It is not an infringment of copyright to take photographs of buildings, sculptures and works of artistic craftsmanship that are permanently situated in a public place

    I assume the Eiffel Tower and its lights would be a “building and/or work of artistic craftsmanship permanently situated in a public place” if they were in Britain. Which of course they’re not.

  • Ted Schuerzinger

    The reason I suggested that the US extended copyright terms to be more like Europe is that I distinctly recall about 10 years ago there being lots of derivative works of Munch’s The Scream, since the 50 year anniversary of his death had just passed. I also recall the “progressive” Europeans being irritated about how we “gauche” Americans were making money off of this….

  • Stehpinkeln

    What does it matter? If I decide to post a picture of that pile od scrap iron in Paris, what exactly can the Frnech do about it? Come arrest me? Bring it on!
    Just don’t tell my neighbors, they like shooting frenchmen as well as any American does and they will kill my share way before I can get might sights lined up.
    The First lesson of leadership is ‘NEVER give an order that you know won’t be obeyed’.

  • Robert Hale

    Re Peter Pan: see
    At the bottom it notes this copyright is a special case.

    Robert Hale

  • Verity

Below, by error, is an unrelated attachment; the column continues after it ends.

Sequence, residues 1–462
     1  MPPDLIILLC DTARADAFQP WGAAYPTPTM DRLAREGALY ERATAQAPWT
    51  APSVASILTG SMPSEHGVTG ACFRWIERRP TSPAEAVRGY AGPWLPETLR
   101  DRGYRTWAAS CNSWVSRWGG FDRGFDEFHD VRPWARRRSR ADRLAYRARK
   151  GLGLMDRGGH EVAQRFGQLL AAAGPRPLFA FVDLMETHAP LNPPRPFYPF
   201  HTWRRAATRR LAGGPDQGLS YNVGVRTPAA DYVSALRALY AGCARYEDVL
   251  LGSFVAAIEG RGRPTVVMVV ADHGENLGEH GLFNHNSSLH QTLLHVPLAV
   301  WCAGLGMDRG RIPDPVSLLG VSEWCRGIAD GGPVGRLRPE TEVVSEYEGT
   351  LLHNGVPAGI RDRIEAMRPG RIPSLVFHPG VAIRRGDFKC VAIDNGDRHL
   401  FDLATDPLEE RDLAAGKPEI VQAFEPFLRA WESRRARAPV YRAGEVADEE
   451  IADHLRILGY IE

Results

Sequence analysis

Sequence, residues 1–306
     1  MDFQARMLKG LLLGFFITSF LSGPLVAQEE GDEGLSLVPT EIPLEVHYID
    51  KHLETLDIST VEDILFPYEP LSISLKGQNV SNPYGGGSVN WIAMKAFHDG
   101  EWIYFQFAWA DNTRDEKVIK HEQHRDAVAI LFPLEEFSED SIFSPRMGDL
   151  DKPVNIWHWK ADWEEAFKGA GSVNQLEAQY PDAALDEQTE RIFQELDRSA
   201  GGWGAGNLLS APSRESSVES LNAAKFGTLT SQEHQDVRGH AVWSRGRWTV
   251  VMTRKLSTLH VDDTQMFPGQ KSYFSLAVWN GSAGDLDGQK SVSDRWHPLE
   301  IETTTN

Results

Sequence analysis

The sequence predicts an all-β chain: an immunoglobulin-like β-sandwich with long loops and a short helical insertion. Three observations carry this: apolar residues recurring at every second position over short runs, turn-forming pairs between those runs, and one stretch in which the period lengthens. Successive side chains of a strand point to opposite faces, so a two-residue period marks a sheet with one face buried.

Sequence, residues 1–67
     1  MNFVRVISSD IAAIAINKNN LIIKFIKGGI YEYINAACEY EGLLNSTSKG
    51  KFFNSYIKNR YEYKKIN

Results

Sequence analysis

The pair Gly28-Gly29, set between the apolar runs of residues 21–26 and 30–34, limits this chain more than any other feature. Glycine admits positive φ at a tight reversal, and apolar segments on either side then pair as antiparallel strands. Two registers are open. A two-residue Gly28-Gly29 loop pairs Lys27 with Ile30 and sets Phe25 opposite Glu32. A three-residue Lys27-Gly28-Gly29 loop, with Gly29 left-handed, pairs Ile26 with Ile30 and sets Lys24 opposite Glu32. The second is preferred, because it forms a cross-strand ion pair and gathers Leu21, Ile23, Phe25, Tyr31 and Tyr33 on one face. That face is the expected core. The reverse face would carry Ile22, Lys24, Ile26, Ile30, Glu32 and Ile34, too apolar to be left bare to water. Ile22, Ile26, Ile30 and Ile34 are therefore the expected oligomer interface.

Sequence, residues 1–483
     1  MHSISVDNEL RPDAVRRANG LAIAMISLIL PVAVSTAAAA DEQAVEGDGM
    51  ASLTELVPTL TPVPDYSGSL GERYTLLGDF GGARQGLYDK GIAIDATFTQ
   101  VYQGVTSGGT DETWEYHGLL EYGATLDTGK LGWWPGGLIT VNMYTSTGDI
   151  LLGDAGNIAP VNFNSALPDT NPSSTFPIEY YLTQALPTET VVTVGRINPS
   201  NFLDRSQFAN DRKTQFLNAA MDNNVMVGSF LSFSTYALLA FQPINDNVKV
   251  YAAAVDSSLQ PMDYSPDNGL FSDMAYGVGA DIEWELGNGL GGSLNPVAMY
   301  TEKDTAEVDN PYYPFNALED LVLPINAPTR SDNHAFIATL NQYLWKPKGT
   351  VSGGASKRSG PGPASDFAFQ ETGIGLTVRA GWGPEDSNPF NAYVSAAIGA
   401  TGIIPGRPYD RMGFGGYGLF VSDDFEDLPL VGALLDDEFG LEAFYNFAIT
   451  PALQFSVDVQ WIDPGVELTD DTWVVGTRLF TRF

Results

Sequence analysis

My question is, with regard to J M Barrie and similar, can the copyright be renewed by the current holder?

  • Gary Gunnels


    I think that its safe to say that as long as there are politicians who can be persuaded to extend the length of copyright (and do so retroactively), it will never enter the public domain.


    If you violated a French copyright, it would be the U.S. government on your ass.

    Ted Schuerzinger,

    Perhaps, but that really wasn’t much of a factor; it was the lobbying of certain corporations like Disney (as well as Turner and others) that made the difference.

  • Gary Gunnels


    There isn’t a need for renewal. The copyright runs from the time of creation (whether you register it or not).

  • Verity

    Gary, No, I meant after the creator of the work dies. J M Barrie willed the copyright on Peter Pan to (I think) the Great Ormond Street Children’s Hospital. So when the natural span of the copyright expired, X years after his death, I’m asking whether Great Ormond, as the current owner, could apply to have it extended.

  • Guy Herbert


    Guy, what is your opinion on a copyright in perpetuity?

    Just another, and rather rare, creature of statute. The exception you refer to is sentimental legislation, and applies only to specific forms of the work in the UK. It presumably will subsist till the legislation is inadvertently repealed, the beneficiary ceases to exist, or the “only in the UK bit” is struck down as interfering with the Single Market.

    Perpetuities do produce oddities. Stick around long enough as an institution and, pretty much regardless of merit, you will accrue great wealth and power. Until the coming of the joint stock company, and for a while afterwards, all the wealthiest non-statal organisations were religous charities, followed by long-lived noble houses more subject to the faiblesse of heredity.

  • Guy Herbert

    Perhaps I should mention that Gt Ormond St does appear to be trying to do something nearly equivalent to extending copyright in some other parts of the world by commissioning a sequel while the copyright term is still running. This would presumably have Sonny Bono length protection in the US, and the US recognises sequel rights, (which English Law doesn’t). So Pan and Wendy might continue to rake in royalties for sick children from the US for another century yet…